The correlation between exercise and a longer lifespan is one that’s been investigated extensively in the past.
However, much previous exploration of the topic has either combined the results for men and women or focussed solely on men, rather than assessing women and men separately at the same time.
Reseachers from the Department of Epidemiology at the Maastricht University Medical Centre in the Netherlands explored how the body size and daily physical activity of women and men can affect how long they’re expected to live.
For their research, which was published in the Journal of Epidemiology and Community Health, the scientists analysed data from the Netherlands Cohort Study (NLCS), which accumulated information from more than 120,000 men and women in 1986.
Out of the 120,000 participants, 4,161 women and 3,646 men aged between 68 and 70 provided information in 1986 regarding how much physical activity they do every day, how much they weigh, how tall they are and how much they weighed when they were 20 years old.
Physical activities included activities such as taking the dog for a walk, gardening, DIY, sports and cycling to work.
The women and men were separated into categories – those who do less than 30 minutes of physical activity a day, those who do between 30 and 60 minutes, those who do between 60 and 90 minutes and those who do 90 minutes or more.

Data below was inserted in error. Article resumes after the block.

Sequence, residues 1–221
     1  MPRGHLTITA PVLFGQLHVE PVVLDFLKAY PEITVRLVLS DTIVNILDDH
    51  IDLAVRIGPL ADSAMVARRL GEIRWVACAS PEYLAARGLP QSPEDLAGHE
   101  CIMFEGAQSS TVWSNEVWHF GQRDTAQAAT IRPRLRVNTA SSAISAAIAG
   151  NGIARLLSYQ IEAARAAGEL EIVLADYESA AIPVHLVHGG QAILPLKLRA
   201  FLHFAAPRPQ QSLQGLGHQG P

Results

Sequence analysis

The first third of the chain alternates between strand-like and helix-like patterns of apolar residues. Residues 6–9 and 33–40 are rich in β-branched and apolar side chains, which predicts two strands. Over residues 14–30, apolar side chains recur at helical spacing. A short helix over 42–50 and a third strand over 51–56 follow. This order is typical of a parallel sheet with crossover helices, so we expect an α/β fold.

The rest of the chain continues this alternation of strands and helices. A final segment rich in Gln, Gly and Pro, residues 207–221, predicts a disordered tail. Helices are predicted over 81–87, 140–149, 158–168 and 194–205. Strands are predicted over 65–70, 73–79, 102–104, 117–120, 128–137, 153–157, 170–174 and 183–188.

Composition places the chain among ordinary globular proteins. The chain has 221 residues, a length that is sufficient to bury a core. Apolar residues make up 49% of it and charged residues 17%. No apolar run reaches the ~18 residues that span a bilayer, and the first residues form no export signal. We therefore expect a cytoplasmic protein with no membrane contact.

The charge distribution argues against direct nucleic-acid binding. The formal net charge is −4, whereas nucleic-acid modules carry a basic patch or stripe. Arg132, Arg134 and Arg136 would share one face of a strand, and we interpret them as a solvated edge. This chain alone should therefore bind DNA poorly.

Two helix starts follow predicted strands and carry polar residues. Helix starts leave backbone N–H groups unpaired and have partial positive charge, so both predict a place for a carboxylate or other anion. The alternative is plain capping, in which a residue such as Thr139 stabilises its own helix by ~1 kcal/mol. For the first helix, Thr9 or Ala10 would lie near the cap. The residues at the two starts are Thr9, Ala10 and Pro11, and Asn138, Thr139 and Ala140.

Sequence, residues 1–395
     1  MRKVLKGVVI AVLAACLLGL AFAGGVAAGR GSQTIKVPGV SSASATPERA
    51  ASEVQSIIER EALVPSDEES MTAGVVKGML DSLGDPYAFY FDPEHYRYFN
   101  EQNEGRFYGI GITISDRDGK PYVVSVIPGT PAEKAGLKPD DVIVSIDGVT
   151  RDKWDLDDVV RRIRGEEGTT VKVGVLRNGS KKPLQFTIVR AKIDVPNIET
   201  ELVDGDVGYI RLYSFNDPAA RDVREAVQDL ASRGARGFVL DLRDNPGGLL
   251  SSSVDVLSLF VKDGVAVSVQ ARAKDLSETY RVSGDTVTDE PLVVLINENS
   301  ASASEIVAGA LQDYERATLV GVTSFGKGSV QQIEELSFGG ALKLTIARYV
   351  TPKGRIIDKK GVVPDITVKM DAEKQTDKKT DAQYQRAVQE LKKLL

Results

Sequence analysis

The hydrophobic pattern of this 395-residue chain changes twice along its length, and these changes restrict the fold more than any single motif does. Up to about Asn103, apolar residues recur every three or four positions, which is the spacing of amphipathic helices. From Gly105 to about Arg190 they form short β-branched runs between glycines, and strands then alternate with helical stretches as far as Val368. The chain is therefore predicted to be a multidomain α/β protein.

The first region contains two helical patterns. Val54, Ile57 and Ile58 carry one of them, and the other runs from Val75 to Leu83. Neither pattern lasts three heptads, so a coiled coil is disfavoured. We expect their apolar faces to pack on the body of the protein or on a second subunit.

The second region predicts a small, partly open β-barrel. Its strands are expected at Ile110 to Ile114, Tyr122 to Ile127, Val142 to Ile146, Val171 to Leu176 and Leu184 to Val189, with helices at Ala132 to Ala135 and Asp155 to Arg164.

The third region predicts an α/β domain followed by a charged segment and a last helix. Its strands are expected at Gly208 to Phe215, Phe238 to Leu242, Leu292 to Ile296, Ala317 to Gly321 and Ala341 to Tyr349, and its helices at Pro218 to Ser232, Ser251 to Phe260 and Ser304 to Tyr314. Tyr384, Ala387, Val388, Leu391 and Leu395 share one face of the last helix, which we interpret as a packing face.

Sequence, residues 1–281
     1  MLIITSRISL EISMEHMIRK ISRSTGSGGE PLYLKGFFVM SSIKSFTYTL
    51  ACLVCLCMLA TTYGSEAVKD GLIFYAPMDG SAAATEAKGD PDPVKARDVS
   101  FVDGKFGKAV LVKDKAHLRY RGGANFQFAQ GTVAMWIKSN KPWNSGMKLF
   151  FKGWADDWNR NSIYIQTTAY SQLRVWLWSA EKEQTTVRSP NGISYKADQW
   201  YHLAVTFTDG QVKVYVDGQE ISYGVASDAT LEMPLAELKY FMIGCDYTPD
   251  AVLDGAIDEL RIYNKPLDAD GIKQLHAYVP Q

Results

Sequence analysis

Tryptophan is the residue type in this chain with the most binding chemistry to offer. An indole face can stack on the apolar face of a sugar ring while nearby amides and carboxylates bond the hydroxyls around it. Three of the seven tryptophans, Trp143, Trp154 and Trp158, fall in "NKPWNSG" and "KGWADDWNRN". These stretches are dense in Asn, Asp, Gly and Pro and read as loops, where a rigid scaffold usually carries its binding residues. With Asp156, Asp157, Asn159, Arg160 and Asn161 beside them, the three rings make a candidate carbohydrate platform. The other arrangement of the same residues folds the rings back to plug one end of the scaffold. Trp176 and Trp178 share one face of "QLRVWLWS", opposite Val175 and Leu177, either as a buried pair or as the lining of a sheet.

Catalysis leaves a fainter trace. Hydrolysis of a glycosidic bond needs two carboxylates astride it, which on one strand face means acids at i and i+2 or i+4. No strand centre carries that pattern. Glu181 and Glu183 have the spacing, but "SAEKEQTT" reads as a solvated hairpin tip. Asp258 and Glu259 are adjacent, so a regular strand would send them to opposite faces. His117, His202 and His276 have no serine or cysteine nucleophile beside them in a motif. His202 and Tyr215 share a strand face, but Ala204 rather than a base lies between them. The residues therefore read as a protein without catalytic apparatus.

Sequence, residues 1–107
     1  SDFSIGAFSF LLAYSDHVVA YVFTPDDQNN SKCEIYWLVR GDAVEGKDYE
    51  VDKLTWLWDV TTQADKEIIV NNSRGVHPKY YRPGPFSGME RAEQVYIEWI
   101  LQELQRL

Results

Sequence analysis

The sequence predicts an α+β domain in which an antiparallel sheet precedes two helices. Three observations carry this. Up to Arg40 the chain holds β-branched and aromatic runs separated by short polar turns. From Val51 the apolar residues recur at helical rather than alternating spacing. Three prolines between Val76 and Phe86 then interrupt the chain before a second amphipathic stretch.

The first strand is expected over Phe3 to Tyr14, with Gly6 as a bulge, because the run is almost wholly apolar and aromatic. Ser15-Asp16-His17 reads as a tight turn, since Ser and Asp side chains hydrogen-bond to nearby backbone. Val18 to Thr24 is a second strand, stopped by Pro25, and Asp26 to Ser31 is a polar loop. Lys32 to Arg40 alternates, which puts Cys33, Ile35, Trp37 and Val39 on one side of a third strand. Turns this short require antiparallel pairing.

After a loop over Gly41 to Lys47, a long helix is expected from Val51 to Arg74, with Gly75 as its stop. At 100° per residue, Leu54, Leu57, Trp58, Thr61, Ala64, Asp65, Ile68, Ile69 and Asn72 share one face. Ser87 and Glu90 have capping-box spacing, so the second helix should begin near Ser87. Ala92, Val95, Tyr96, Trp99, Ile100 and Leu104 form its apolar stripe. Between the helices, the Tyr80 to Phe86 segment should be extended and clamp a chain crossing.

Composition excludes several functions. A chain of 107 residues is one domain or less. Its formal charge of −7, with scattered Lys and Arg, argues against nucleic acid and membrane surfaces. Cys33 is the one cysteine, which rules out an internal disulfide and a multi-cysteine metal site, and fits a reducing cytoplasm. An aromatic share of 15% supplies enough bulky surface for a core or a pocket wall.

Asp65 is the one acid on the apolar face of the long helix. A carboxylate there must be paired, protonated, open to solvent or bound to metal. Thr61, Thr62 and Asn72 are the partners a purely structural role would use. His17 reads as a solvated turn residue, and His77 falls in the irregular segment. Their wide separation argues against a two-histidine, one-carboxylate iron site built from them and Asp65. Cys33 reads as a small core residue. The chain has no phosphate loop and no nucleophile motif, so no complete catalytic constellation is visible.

They were then monitored either until they reached the age of 90 or until they passed away, depending on which came first.
Of the 7,807 people who were monitored, 944 of the women and 433 of the men lived past 90.
The researchers found that women who do between 30 to 60 minutes of physical activity a day are 21 per cent more likely to reach the age of 90 then those who do 30 minutes or less.
They also stated that an hour is the optimum amount of time for women to spend doing daily physical activity.
Men, on the other hand, who do 90 minutes of physical activity a day are 39 per cent more likely to reach the age of 90 than those who do less than half an hour.
The study also concluded that every additional half an hour of physical activity per day increases men’s chances of turning 90 by five per cent.
The researchers acknowledge the study is solely observational, as the information was provided by the participants of the NLCS study as opposed to being gathered by the scientists themselves.
Other factors may have also played a role in the longevity of the individuals, such as whether they smoke or drink.
However, the team believe the results of the study are reliable due to the large cohort of people in a similar age group.